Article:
Thank you to everyone involved with the inaugural TEDxLafayette event. Another fine chapter for the annuals of Tippecanoe history.
“Don’t limit your political life to the ballot box.”
I was asked to participate and give a talk that was tentatively titled, The disappearing voter: Does anyone care about democracy or democratic processes? The title as arranged was in need of orchestration and quickly explored the concepts of the disappearing voter, caring for democracy and its processes, civic participation, voting, subtly of the constituency, mutual knowledge, and Sisyphus. The title I settled upon after much internal debate was Everything We Do and Don’t Do is Political. Thanks Sartre.
For the event, I also created a small zine to distribute with the TEDxLafayette material. There was a problem with the copy room where I make copies, and I needed to come back later in the week. Running short on time Friday, I had to staple the remainder of the zines at Myrdene’s.
Media is a major component when engaging politically, and with modern technology, any individual can make informative, fun political expressions and gestures. You can download, Everything is Political, We are our choices as a PDF:
The overall experience was quite enjoyable. From the organizing individuals, to the other speakers and performers, to the audience, Civic Theater staff, media creators, and sponsors. Everyone lent an extremely valuable hand, making sure we had a successful TEDx to reference in the future.
The event received some press from the Journal and Courier under the headline, TEDx speakers challenge audience to think local, and featured a few pull quotes from speakers Kris Taylor and Beth Carroll. I was also featured in the article:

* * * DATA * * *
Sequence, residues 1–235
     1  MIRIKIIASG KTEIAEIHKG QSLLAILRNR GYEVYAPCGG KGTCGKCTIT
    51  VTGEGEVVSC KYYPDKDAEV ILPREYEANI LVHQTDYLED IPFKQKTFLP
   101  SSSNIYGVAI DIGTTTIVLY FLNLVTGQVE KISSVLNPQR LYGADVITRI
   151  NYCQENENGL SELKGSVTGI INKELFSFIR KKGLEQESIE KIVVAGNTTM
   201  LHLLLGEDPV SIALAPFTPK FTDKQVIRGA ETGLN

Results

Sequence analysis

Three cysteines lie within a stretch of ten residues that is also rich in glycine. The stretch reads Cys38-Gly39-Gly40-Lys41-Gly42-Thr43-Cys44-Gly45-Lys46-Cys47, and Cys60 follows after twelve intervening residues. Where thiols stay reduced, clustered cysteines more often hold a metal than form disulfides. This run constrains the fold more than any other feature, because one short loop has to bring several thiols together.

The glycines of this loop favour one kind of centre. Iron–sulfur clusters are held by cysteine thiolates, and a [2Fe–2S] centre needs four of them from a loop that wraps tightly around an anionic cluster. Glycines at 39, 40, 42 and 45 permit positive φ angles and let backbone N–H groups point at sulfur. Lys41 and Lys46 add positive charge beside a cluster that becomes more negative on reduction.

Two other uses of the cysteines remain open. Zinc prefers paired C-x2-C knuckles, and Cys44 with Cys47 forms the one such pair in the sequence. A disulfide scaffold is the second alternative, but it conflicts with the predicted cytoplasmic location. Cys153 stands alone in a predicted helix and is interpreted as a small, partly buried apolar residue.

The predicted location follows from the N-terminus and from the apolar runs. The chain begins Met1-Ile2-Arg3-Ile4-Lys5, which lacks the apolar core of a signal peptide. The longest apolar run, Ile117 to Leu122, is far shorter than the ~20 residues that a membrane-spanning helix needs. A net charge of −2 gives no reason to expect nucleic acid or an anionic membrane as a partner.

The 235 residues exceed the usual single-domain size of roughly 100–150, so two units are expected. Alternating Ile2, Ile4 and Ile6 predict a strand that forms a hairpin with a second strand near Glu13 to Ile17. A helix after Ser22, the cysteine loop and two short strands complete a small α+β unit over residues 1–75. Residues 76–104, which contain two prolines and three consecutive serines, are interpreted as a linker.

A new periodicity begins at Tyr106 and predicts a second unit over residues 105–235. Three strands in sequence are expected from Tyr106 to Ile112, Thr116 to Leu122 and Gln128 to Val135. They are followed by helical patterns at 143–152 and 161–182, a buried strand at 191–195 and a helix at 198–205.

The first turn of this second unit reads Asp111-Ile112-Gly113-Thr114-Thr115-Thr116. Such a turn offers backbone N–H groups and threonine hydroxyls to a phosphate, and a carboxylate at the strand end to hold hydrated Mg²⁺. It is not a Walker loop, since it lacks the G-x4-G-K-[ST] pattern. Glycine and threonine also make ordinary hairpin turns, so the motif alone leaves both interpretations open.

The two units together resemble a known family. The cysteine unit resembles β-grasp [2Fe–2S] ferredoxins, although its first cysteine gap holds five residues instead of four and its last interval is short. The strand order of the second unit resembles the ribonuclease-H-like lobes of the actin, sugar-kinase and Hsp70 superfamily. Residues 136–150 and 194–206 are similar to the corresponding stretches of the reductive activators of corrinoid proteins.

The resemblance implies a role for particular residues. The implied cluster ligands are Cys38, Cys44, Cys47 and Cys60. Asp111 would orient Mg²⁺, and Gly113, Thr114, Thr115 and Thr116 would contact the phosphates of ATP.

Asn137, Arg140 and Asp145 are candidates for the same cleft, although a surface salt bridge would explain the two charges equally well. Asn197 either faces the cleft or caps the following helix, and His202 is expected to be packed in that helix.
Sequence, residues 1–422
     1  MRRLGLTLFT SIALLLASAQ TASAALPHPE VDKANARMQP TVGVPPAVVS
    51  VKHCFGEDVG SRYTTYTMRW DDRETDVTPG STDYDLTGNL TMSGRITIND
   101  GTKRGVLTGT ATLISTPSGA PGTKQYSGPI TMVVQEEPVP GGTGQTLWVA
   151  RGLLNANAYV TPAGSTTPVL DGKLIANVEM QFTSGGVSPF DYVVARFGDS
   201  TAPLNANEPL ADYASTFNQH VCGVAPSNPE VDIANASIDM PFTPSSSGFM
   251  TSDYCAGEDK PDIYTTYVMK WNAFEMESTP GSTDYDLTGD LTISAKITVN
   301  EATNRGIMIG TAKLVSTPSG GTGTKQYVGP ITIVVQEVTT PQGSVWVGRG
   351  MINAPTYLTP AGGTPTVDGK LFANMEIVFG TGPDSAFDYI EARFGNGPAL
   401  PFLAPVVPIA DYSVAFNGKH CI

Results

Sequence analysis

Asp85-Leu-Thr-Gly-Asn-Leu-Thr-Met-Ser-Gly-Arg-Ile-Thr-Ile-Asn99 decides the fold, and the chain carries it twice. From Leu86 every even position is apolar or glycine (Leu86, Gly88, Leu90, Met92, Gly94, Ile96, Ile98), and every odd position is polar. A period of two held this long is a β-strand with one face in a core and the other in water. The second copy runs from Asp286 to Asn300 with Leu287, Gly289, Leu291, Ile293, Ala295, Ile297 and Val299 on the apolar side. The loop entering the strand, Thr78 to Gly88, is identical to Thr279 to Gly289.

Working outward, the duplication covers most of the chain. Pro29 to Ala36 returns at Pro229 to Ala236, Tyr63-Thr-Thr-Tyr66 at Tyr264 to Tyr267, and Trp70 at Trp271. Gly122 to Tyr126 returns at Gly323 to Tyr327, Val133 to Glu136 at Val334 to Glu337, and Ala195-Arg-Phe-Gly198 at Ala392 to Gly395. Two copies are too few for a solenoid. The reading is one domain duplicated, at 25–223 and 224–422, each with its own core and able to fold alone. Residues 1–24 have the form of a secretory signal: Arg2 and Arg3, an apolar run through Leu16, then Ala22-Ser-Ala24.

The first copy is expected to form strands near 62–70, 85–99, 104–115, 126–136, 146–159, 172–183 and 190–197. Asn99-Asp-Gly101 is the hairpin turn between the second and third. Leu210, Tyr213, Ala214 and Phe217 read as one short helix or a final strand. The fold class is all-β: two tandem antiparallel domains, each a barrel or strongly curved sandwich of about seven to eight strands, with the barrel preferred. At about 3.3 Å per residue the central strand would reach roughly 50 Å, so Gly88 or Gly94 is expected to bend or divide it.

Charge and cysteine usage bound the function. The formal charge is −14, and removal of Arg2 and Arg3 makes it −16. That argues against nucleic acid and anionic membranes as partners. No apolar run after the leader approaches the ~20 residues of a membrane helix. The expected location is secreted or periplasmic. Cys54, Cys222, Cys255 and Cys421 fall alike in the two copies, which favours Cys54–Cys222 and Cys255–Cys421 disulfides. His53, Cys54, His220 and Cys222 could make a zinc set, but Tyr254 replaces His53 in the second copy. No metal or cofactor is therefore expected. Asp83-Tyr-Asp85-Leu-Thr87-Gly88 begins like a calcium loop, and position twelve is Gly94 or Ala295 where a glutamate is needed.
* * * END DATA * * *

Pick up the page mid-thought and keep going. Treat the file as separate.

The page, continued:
In his talk, titled “Everything We Do or Don’t Do is Political,” Zachary Baiel, a civic-minded resident and director of customer relations at Spensa Technologies, challenged the audience to think beyond the ballot box.
He said elections are not the only way constituents can engage in the political process.
The Indy Star reprinted the same article, but included a picture of me speaking in the print version:
WLFI also ran a story about the event titled ‘Spark.Inspire.Change’ the focus at TEDxLafayette, which also included some clips of Kris Taylor, Keith Watson, and myself speaking:
My presentation can be read (visually) online. Although there isn’t much text to read, it is still an enjoyable walk-through. Thank you again to all the media producers (Journal and Courier, WBAA, WLFI, Owen Gunn, Zach Meddler, Aaron Bumgarner, Aaron Molden, Thomas Kesler) and everyone else who helped make this presentation possible.
If you would like for me to give this or a similar performance to you, a local civic group, or other people who are interested in learning more about becoming a political entrepreneur vs. a wait-for-it voter, please let me know.
I was told that the videos of the various performances would be available some time in December. Once I get sent a link, I will include it on this post.
I want to thank everyone again for the enjoyable, educational, and historic time. Lafayette needs local individuals to be involved, share ideas, and become their own media.
Once momentum for a particular passion spreads across to a few others in the community, action becomes easier, and opportunities to change the world at the street, neighborhood, or city level can be celebrated rather than abhorred.